The newly formed 2021 Hastings Youth Council will submit on council projects and for the second year have a seat at council subcommittee tables.
Made up of 19 members from ages 15 to 23, the youth council is responsible for creating opportunities for young people to participate, be heard and be involved in community activities and council decisions.
2021 chairman Karamu High School student Keelan Hesterman believes the real opportunity for the youth council to make a difference is in making submissions on council projects, sitting at subcommittee tables and advocating for young people.
He said the council wants to submit on as much as possible, especially on projects that will affect Hastings in 20-30 years' time, or involve services and infrastructure targeted towards young people.
"My vision is that in 2021 we can really get our teeth into council policy, and build our reputation as a youth body that provides considered and relevant ideas and perspectives on how we deal with the issues facing our region, particularly in regards to our young people."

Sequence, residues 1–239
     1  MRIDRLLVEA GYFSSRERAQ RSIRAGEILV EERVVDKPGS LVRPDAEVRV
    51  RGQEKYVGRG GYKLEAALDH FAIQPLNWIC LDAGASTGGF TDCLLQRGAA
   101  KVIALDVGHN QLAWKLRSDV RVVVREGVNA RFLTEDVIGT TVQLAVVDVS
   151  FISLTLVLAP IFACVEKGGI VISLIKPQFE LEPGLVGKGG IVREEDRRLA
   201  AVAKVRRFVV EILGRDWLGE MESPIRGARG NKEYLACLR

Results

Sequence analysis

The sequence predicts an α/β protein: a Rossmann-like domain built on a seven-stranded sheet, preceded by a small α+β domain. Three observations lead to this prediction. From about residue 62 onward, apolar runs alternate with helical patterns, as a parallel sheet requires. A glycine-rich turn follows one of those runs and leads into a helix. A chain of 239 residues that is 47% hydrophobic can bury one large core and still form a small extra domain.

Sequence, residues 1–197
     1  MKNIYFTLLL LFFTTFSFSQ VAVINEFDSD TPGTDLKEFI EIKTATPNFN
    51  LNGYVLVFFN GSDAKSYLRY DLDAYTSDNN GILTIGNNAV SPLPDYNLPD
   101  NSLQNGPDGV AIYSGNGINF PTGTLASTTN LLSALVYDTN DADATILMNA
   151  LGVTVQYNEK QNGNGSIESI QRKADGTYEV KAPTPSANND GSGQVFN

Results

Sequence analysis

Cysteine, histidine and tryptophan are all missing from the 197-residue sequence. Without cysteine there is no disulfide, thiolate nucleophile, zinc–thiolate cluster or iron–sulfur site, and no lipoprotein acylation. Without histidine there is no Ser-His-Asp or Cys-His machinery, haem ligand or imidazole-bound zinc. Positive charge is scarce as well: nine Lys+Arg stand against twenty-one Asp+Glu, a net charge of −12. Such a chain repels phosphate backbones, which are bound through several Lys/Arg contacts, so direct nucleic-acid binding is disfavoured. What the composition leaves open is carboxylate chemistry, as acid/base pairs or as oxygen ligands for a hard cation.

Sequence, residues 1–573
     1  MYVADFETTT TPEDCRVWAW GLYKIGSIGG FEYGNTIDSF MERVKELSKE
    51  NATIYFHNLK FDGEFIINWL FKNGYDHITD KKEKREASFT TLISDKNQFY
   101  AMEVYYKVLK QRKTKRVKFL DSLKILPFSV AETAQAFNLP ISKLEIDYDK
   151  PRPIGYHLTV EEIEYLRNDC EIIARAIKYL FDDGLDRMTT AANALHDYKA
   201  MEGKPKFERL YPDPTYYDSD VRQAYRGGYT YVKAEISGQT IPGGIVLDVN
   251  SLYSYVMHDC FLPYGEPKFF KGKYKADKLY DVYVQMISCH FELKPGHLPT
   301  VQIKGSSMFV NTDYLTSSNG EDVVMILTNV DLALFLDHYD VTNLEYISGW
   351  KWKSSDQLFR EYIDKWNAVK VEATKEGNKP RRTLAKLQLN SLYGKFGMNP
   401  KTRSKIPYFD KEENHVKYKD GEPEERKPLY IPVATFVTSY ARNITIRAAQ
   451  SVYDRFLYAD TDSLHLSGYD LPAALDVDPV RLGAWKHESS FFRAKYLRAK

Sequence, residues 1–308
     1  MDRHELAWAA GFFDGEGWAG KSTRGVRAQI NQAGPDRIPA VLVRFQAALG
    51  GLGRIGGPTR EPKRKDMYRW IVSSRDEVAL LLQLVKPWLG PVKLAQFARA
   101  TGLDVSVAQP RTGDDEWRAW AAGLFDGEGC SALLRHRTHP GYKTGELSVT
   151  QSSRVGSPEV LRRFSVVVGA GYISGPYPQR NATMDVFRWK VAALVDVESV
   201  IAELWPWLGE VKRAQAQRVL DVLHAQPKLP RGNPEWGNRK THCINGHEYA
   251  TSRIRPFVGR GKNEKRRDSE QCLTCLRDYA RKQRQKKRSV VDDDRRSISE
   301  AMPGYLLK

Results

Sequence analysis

Council projects include the Waiaroha Water Project and initiatives emerging from the Revitalisation plan.
Starting last year, youth councillors now appoint members to council subcommittees.
Youth appointments were made to the Great Communities, District Development, Eco District and Civic and Administration subcommittees and the Active Transport committee.
District councillor Wendy Schollum, who works alongside and mentors the youth council, said the council last year used subcommittee appointments as an opportunity to learn about the subcommittee's work programme and how best they could contribute to debate.
They identified the need for succession planning and determined that where possible there is always at least one experienced youth councillor and one new member at each subcommittee meeting, allowing for insights to be passed from one youth council to the next.
Schollum said in order to ensure the aspirations, concerns and ideas of rangatahi are considered in all council planning, policies and decision making, their voice needs to be at the council table from strategy conception.
"After all, it is their generation (and those of their children) that the decisions we make today are most likely to impact."